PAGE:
Major new copper find for BHP
Copper grades at triple the last major discovery in South Australia could signal major new copper find for BHP
BHP has made a copper discovery described as both “pretty amazing” and “the most phenomenal drill hit anywhere in the world in many years’’, raising hopes that another major mine will be developed in South Australia.
The company is emphasising that the discovery, at a prospect called Oak Dam, is “at an early stage and there is currently insufficient geological information to assess the size, quality and continuity of the mineralised intersections’’.
But the intersection of copper grades of more than 6 per cent over a length of 180m were described by PAC Partners senior analyst Andrew Shearer as “pretty amazing’’.
David Upton, who wrote the definitive history of the discovery of the Olympic Dam deposit – now the world’s largest polymetallic deposit with a mine life of potentially another 100 years – said: “This is the most phenomenal drill hit anywhere in the world in many years.
“BHP might be making cautious statements about the discovery, but the fact they felt obliged to release this news says it all.
“This discovery is so good it could be material to the share price of the world’s biggest miner.
“As a discovery hole, it even dwarfs Olympic Dam, which announced itself in 1976 when drill hole RD10 assayed 170m at 2.12 per cent copper.’’
While the discovery is at a depth of about 1000m, OZ Minerals’ $916 million Carrapateena mine, being built 45km to the southeast of Oak Dam, is being developed at depths of about 500m and mining at these depths is feasible.
“The economic benefits will start flowing to South Australia right away as BHP sends a fleet of rigs in early 2019 to drill more holes into the massive discovery,” Mr Upton said.
BHP said drilling would start again early in 2019, and typically, assays from such drilling would be tested later the same year.
Mr Shearer said the SA Outback had long been considered to have great potential.
“These world-class results reinforce that the region has the potential to host more Olympic Dam and Prominent Hill-style deposits,’’ he said.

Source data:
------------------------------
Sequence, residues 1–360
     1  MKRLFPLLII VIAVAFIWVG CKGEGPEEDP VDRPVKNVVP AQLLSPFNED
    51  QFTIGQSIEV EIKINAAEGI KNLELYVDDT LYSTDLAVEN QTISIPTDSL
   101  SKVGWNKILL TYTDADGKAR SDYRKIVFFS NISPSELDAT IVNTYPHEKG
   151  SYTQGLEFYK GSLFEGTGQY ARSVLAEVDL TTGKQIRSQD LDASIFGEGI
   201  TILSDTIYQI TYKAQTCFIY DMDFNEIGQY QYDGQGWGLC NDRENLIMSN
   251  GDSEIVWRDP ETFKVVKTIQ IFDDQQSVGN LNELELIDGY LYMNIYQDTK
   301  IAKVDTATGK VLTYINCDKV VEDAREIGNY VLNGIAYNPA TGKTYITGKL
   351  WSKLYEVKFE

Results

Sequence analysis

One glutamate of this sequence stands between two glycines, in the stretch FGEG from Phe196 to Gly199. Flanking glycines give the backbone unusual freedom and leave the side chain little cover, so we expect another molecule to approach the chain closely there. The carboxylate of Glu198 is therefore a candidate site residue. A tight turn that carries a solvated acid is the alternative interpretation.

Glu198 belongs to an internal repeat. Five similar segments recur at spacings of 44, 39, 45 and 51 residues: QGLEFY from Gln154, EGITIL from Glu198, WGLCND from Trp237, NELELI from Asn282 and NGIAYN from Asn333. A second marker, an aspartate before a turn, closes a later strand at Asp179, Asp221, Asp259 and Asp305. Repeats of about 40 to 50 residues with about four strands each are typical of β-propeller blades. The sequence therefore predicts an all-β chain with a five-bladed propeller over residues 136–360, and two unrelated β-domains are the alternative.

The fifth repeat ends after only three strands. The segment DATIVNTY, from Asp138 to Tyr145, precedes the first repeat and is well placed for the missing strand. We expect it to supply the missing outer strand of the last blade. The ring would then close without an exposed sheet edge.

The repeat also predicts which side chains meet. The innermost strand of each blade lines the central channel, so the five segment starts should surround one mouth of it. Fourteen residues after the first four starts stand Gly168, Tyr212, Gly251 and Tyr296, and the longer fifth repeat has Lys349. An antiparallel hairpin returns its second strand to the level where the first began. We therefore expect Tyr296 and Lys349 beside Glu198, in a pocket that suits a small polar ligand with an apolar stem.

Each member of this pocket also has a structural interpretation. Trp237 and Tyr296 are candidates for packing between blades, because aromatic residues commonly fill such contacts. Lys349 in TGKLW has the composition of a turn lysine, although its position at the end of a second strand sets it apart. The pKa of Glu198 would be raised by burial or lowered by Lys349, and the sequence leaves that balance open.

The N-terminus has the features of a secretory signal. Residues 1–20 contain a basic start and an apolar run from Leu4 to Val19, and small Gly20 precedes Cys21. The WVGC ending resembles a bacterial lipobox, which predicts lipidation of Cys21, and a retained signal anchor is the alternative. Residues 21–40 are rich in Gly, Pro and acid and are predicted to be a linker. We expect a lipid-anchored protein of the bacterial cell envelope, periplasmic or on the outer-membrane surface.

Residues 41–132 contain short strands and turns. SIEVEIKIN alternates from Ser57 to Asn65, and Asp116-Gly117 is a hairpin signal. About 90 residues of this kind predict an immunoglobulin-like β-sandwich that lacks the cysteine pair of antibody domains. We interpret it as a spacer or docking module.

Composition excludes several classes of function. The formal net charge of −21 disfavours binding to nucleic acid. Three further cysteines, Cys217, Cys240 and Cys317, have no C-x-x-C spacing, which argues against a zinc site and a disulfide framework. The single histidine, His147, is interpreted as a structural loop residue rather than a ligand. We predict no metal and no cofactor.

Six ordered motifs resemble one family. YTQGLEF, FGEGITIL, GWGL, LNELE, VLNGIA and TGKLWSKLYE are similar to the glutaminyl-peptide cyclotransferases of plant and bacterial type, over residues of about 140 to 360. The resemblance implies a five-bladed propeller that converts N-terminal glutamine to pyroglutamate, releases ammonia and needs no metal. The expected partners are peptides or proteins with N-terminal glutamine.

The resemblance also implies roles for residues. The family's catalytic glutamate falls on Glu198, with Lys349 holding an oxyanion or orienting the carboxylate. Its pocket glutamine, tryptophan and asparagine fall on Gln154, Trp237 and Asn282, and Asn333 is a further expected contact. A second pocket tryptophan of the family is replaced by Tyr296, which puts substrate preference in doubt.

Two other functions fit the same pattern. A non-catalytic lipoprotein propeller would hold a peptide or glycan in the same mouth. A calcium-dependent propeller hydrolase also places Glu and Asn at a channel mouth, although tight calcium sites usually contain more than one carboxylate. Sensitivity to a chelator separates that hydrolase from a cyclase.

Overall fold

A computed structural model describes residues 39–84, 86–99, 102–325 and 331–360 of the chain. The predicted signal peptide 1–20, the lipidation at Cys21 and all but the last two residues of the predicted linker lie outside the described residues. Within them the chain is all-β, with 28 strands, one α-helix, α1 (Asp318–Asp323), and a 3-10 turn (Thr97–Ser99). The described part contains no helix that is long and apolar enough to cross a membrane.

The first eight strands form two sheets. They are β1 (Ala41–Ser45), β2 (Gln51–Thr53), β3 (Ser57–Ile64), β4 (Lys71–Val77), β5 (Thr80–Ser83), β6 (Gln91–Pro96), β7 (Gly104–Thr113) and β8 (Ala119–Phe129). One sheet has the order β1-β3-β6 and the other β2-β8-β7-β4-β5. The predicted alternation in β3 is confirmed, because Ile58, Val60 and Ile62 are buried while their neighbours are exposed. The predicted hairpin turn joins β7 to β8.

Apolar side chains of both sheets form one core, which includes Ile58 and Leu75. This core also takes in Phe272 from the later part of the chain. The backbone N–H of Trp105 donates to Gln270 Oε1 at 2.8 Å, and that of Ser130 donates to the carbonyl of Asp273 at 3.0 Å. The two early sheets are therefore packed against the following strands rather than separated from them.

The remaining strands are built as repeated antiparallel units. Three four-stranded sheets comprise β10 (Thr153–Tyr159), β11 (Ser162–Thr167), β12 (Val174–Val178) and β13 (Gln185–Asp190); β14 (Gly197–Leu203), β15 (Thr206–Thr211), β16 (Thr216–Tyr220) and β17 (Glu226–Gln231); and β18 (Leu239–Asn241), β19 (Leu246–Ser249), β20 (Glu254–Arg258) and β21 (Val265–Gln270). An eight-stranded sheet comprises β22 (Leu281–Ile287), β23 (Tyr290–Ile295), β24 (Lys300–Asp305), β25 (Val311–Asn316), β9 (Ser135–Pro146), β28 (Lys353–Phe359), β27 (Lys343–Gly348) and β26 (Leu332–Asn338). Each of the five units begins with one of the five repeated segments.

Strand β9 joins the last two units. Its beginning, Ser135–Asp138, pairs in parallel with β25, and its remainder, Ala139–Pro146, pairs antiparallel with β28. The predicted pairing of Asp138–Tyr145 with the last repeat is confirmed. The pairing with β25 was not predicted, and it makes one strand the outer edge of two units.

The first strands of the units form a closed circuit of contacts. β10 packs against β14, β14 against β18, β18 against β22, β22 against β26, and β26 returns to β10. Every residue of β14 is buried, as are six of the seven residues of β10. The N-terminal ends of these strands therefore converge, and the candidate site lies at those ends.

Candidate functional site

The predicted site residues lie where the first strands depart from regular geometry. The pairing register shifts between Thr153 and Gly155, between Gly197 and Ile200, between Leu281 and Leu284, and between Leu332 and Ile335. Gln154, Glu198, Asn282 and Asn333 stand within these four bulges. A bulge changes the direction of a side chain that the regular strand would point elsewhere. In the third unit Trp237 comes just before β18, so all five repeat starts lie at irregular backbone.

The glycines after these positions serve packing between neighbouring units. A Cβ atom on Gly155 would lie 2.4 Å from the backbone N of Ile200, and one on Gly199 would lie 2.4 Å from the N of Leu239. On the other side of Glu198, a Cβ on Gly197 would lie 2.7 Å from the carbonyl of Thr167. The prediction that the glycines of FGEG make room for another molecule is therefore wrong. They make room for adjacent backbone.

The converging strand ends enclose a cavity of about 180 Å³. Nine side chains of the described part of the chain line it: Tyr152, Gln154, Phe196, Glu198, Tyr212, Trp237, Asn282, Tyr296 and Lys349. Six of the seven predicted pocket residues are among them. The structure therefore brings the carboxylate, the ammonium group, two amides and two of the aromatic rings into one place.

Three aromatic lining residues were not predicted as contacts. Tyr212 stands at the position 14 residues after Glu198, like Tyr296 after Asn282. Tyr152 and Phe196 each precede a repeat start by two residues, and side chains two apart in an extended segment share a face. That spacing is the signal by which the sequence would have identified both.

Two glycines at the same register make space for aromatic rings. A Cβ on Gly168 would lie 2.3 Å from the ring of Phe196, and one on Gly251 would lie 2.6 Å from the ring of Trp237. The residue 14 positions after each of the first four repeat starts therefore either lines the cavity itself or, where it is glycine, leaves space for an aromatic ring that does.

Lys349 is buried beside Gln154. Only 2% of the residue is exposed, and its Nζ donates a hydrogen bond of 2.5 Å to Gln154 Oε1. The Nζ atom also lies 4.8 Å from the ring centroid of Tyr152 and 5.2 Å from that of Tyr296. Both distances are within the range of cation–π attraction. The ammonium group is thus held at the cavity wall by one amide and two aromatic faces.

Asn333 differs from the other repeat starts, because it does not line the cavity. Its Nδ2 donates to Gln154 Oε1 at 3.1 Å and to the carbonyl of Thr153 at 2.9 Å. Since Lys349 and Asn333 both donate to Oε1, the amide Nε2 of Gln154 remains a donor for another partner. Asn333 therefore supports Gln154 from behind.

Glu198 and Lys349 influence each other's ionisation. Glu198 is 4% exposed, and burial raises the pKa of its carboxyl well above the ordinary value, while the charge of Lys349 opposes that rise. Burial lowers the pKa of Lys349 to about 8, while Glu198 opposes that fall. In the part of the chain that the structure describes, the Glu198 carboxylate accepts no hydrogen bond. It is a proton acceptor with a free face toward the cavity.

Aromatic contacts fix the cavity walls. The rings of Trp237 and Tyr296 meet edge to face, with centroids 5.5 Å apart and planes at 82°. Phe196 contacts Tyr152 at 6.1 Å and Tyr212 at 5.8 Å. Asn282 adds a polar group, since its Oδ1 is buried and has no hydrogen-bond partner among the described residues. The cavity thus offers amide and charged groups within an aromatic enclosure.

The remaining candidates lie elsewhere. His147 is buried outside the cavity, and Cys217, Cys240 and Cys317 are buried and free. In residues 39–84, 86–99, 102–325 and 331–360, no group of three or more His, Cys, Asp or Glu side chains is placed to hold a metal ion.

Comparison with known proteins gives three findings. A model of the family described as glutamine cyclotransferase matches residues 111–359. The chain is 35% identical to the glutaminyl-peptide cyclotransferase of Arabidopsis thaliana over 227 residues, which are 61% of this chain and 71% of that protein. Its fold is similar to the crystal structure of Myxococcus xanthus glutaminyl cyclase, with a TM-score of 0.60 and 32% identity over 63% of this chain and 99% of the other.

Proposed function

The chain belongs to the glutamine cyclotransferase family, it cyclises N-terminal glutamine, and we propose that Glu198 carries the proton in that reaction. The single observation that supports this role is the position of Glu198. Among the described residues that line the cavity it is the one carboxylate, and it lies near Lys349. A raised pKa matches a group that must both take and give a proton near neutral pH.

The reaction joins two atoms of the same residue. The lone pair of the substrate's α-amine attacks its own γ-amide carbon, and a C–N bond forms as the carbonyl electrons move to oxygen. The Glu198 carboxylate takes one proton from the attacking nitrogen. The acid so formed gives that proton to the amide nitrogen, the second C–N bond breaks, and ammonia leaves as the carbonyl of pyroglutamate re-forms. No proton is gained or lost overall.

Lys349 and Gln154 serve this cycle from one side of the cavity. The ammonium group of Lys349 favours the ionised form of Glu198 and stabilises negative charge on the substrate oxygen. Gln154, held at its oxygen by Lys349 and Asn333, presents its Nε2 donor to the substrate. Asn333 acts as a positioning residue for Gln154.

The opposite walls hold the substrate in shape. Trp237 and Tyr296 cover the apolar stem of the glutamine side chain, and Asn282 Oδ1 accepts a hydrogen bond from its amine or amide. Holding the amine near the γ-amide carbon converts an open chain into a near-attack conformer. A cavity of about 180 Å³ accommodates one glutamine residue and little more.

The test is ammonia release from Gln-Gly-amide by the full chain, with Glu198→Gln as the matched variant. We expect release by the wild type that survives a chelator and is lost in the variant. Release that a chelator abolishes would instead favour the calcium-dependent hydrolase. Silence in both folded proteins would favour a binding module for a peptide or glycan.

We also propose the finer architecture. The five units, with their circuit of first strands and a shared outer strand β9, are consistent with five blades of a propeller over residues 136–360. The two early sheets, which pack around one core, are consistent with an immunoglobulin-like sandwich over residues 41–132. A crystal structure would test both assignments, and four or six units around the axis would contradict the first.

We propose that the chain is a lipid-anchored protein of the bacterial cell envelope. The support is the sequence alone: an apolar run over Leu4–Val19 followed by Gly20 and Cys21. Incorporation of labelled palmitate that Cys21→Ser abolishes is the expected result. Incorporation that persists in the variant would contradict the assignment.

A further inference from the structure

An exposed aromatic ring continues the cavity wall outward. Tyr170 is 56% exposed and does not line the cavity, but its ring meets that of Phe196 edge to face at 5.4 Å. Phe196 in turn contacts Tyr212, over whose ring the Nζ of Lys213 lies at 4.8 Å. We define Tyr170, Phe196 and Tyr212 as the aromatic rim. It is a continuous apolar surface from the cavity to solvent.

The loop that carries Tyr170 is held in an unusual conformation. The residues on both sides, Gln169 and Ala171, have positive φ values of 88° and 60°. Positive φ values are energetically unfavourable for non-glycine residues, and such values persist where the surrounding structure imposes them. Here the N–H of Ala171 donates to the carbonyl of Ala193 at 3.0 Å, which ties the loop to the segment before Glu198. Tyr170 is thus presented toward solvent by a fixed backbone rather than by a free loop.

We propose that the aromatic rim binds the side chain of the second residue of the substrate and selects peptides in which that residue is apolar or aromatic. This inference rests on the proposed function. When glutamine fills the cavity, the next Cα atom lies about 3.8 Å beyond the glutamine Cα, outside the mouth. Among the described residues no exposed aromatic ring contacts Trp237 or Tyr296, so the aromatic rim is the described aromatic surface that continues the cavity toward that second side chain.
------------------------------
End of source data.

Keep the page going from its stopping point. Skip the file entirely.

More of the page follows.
“What is really interesting is that the reinterpretation and deeper drilling of an old prospect has delivered these outstanding grades.
“This opens the scope to look at the whole region with new eyes.”
The copper grades are more than three times higher than the Carrapateena discovery hole, which was sunk in 2005, and the discovery lies on a line connecting the Olympic Dam and Carrapateena mines.
There is also uranium associated with the find. So far only four holes have been drilled.
South Australian Chamber of Mines and Energy chief executive Rebecca Knol said the discovery was “welcome news” and it was encouraging that BHP, as a larger company, was spending money on exploration.
Ms Knol said it reinforced the need to reinstate government funding support for high-risk minerals exploration drilling, which was cut in this year’s state Budget.
“The results … are extremely positive and again demonstrate that mineralisation in South Australia lies beneath very deep cover.
“The South Australian Chamber of Mines and Energy has consistently called on the Marshall Government to reinstate PACE (plan for Accelerating Exploration) funding and assist companies like BHP with the task of unlocking the states abundant resource potential.’’
Energy and Mining Minister Dan Van Holst Pellekaan said BHP’s announcement was extremely positive news. “Whilst there’s a great deal of work to be done before the actual value of the deposit can be determined, this discovery offers exciting possibilities for new investment and jobs in South Australia,” he said.